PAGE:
• Antonio Salas

    Affiliations Unidade de Xenética, Departamento de Anatomía Patolóxica e Ciencias Forenses, Instituto de Ciencias Forenses, Facultade de Medicina, Universidade de Santiago de Compostela, Galicia, Spain, GenPop Research Group, Instituto de Investigaciones Sanitarias (IDIS), Hospital Clínico Universitario de Santiago, Galicia, Spain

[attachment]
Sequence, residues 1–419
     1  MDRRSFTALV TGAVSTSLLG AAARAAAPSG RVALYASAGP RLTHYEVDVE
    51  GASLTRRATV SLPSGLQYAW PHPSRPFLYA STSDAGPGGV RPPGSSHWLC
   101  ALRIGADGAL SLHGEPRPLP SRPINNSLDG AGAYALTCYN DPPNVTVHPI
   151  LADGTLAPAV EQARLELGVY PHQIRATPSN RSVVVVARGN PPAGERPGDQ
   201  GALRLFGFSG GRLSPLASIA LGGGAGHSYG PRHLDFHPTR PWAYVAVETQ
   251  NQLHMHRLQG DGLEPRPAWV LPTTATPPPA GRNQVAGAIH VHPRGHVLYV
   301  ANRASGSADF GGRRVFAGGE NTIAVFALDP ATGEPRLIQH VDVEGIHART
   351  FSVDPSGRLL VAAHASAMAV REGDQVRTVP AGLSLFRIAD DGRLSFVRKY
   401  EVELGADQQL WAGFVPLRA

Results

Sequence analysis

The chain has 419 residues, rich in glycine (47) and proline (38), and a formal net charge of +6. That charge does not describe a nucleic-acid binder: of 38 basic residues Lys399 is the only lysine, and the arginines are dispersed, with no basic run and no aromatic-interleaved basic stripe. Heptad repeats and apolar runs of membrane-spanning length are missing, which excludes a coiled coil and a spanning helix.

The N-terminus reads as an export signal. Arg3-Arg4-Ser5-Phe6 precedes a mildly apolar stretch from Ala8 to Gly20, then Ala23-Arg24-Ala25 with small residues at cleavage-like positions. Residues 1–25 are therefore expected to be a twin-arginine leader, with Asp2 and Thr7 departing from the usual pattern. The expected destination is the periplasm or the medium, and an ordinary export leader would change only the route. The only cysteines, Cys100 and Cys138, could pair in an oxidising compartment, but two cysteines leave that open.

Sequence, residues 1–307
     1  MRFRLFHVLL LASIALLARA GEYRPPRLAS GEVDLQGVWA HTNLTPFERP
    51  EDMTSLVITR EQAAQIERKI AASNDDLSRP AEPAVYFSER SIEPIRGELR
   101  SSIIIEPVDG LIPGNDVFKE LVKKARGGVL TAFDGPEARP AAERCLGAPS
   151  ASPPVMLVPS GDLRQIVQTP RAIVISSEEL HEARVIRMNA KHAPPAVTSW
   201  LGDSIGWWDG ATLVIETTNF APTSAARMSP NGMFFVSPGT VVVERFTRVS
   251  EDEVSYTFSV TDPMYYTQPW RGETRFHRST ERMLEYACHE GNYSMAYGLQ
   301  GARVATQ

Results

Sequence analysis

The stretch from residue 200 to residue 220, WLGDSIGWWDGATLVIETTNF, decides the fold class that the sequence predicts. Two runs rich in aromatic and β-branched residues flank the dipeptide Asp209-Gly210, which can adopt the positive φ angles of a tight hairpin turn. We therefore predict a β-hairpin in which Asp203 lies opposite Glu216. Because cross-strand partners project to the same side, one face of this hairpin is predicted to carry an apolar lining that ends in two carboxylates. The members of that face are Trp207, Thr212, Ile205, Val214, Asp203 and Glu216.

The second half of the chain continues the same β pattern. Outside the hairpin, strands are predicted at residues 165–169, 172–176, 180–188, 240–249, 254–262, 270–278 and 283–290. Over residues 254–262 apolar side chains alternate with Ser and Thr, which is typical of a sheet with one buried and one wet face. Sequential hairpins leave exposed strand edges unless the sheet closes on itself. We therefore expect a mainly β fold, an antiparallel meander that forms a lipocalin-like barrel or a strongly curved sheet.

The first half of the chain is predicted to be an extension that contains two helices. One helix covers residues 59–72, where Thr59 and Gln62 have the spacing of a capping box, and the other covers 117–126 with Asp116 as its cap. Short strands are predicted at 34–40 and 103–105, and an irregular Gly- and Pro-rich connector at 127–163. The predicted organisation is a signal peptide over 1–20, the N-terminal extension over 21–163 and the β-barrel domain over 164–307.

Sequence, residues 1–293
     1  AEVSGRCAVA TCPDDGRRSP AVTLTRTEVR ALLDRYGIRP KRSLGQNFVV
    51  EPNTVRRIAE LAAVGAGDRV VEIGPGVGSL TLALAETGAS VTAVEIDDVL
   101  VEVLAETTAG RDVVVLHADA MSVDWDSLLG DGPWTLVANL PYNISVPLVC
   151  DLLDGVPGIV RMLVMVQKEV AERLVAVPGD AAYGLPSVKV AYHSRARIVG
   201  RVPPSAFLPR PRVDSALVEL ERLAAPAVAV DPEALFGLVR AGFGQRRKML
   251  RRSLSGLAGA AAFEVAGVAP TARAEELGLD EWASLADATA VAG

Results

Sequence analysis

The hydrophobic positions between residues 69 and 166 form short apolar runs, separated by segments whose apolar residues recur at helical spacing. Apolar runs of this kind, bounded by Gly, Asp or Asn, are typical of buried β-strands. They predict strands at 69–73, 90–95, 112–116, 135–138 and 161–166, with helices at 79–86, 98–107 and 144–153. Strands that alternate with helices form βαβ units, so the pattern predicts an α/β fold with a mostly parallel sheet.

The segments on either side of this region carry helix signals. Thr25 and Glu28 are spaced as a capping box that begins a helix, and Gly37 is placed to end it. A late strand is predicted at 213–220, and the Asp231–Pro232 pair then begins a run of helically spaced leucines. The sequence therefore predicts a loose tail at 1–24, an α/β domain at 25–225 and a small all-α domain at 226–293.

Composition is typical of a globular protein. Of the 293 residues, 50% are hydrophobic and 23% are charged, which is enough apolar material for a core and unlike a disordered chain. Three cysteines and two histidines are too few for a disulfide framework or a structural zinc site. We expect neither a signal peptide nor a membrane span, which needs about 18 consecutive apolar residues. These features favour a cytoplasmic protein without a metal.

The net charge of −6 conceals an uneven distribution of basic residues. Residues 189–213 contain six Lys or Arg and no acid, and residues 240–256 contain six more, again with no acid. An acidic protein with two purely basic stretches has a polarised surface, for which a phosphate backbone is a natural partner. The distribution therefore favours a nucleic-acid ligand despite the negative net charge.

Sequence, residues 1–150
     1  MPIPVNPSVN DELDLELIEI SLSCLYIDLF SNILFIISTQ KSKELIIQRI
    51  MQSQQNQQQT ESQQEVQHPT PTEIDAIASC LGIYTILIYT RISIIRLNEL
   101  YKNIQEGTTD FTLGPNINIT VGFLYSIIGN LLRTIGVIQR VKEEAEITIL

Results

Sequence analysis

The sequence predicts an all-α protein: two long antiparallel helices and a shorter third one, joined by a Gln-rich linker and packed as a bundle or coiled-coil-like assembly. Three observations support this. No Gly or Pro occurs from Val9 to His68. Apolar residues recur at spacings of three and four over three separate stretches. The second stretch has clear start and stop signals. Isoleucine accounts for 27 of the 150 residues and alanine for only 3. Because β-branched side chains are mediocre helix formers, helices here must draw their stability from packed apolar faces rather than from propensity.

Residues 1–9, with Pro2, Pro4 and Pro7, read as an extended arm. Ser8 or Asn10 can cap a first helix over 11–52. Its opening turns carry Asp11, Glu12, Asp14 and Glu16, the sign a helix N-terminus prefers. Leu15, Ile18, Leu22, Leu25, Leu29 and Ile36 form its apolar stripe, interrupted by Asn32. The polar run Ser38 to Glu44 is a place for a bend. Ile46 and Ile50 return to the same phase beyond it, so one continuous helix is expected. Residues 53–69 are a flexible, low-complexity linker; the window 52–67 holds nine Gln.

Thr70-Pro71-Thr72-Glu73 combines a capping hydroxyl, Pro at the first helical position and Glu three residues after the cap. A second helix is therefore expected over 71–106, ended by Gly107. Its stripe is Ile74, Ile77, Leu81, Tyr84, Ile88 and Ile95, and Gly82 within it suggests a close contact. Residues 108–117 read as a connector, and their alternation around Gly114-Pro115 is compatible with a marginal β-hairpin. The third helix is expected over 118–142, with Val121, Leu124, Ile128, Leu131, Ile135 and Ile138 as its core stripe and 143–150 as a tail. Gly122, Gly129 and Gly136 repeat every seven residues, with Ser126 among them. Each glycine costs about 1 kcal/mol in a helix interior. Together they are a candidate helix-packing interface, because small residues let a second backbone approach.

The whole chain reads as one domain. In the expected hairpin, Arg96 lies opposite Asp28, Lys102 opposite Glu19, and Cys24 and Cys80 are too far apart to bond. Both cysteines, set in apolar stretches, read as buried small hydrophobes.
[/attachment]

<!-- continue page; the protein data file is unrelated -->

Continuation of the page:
The Iberian Peninsula has been the focus of attention of numerous studies dealing with mitochondrial DNA (mtDNA) variation, most of them targeting the control region segment. In the present study we sequenced the control region of 3,024 Spanish individuals from areas where available data were still limited. We also compiled mtDNA haplotypes from the literature involving 4,588 sequences and 28 population groups or small regions. We meta-analyzed all these data in order to shed further light on patterns of geographic variation, taking advantage of the large sample size and geographic coverage, in contrast with the atomized sampling strategy of previous work. The results indicate that the main mtDNA haplogroups show primarily clinal geographic patterns across the Iberian geography, roughly along a North-South axis. Haplogroup HV0 (where haplogroup U is nested) is more prevalent in the Franco Cantabrian region, in good agreement with previous findings that identified this area as a climate refuge during the Last Glacial Maximum (LGM), prior to a subsequent demographic re-expansion towards Central Europe and the Mediterranean. Typical sub-Saharan and North African lineages are slightly more prevalent in South Iberia, although at low frequencies; this pattern has been shaped mainly by the transatlantic slave trade and the Arab invasion of the Iberian Peninsula. The results also indicate that summary statistics that aim to measure molecular variation, or AMOVA, have limited sensitivity to detect population substructure, in contrast to patterns revealed by phylogeographic analysis. Overall, the results suggest that mtDNA variation in Iberia is substantially stratified. These patterns might be relevant in biomedical studies given that stratification is a common cause of false positives in case-control mtDNA association studies, and should be also considered when weighting the DNA evidence in forensic casework, which is strongly dependent on haplotype frequencies.